I hate beer, or so I thought. Several months ago, when I heard that a friend, Isaac Diwan brewed his own beer, I invited myself over as up until then I thought it was done only in high-tech facilities. I imagined some kind of complicated process including mixers, metal tubes, pumps and huge cauldrons but at his house only simple equipment was used, yet I learned that to produce an elegant beer timing, imagination, ingredients, technique and precision are critical.
Up until now I have tasted only sips of the Israeli produced Maccabi beer which to my indiscreet palate tasted bitter and acidic. After tasting several types of Isaac’s beers I discovered that beer could have undertones of spices and fruit and could be much deeper or lighter than the commercial counterparts. He made a pumpkin beer in honor of Halloween, another with coriander seeds which was delicious and a darker more alcoholic brew. This is when I told him “you must do a guest post!” and as he is an amiable fellow he agreed.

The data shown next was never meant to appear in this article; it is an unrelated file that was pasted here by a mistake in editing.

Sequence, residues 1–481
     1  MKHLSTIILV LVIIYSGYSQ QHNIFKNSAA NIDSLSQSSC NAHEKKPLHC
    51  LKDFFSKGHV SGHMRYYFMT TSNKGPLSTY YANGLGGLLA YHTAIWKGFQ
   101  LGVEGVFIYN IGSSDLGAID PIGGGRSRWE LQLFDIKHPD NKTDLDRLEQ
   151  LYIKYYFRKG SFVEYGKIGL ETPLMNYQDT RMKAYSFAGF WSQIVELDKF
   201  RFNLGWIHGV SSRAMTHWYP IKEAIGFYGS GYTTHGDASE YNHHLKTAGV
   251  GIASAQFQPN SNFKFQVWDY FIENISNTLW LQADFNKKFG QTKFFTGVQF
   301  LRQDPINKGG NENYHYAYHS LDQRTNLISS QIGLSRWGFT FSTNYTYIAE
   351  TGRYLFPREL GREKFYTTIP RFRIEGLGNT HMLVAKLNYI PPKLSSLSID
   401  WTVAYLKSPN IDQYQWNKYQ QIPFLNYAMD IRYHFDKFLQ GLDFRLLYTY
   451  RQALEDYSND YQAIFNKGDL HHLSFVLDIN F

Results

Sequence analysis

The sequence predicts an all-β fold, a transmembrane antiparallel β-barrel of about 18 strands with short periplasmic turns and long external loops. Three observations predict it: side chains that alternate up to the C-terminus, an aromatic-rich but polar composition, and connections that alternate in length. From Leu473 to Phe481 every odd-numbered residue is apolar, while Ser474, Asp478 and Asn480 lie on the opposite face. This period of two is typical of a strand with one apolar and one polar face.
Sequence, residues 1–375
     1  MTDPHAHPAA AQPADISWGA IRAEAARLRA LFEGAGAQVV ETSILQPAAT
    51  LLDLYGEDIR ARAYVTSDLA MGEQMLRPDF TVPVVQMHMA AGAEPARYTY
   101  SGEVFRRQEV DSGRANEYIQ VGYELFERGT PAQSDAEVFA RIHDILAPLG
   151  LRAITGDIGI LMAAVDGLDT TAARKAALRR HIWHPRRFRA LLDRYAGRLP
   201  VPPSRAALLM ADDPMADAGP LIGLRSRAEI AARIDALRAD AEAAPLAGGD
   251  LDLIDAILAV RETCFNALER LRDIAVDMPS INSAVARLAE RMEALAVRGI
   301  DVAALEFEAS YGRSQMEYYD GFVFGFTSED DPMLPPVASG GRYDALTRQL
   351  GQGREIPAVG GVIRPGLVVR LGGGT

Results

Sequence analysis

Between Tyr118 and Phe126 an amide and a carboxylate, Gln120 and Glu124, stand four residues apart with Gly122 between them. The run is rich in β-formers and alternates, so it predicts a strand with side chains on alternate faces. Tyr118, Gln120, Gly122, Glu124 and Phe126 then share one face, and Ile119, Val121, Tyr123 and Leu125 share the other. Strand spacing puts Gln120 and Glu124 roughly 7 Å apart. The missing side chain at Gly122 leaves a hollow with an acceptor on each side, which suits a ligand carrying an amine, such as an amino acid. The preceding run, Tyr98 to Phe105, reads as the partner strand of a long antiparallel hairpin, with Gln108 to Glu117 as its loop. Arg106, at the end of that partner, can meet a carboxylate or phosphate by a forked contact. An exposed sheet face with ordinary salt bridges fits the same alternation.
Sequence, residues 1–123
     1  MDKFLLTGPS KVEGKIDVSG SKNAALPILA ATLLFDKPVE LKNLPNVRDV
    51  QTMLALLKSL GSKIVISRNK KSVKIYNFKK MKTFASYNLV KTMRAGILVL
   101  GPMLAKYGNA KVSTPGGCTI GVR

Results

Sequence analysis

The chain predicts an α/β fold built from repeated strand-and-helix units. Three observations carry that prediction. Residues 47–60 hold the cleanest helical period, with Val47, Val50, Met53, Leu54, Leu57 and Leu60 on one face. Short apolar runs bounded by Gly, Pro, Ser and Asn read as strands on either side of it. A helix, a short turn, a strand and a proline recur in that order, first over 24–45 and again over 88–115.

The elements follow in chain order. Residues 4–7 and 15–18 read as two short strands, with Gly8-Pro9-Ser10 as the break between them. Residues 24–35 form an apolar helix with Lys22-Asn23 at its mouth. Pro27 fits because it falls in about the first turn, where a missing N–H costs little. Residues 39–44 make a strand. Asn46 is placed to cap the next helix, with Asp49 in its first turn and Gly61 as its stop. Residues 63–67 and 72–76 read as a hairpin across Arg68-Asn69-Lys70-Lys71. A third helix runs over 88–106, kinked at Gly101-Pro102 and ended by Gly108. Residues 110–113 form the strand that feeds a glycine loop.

Before I hand over the post to Isaac, I decided to read more about the history of beer and found out that there are entire web sites dedicated to this golden liquid. It seems that beer has been around for as long as history, with the first recorded beer recipe found in the Sumerian region about four thousand years ago and chemical evidence dating even earlier. In the Epic of Gildamesh, one of the earliest literary writings found in Iraq, beer is mentioned as one of the beverages that is drunk by the half wild Enkidu, the hero of the story. Beer brewing quickly spread to other parts of the world from Greeks, to Romans and from there to the rest of Europe. Although beer drinking began in the Middle East, the introduction of Islam and the religious observance of not drinking alcoholic beverages has decreased its popularity in that part of the world. Most of the larger breweries are now located either in Europe or in America.
The best beer, however, is the type that is homebrewed, tweaked to perfection and this is the kind that Isaac makes. (I will need to trade a few of my homemade ma’amouls for a couple of his beers).
I’ve always been interested in beer – I started sneaking into the local bars in Montreal at age 16, and have never looked back. In fact, my beer bottle labels proudly state: Brewing since 2007, drinking since 1977. Homebrewing had been on the back of my mind for a long time, but it’s really only a few years ago that I started to take things seriously. I signed up for an introductory brewing class, met a bunch of other like minded individuals, and joined the Israel Craft Brewers Club (ICBC). Through meetings, reading, and talking to others, I’ve had a chance to brew different beers, improve my recipes, and obtain feedback on my progress.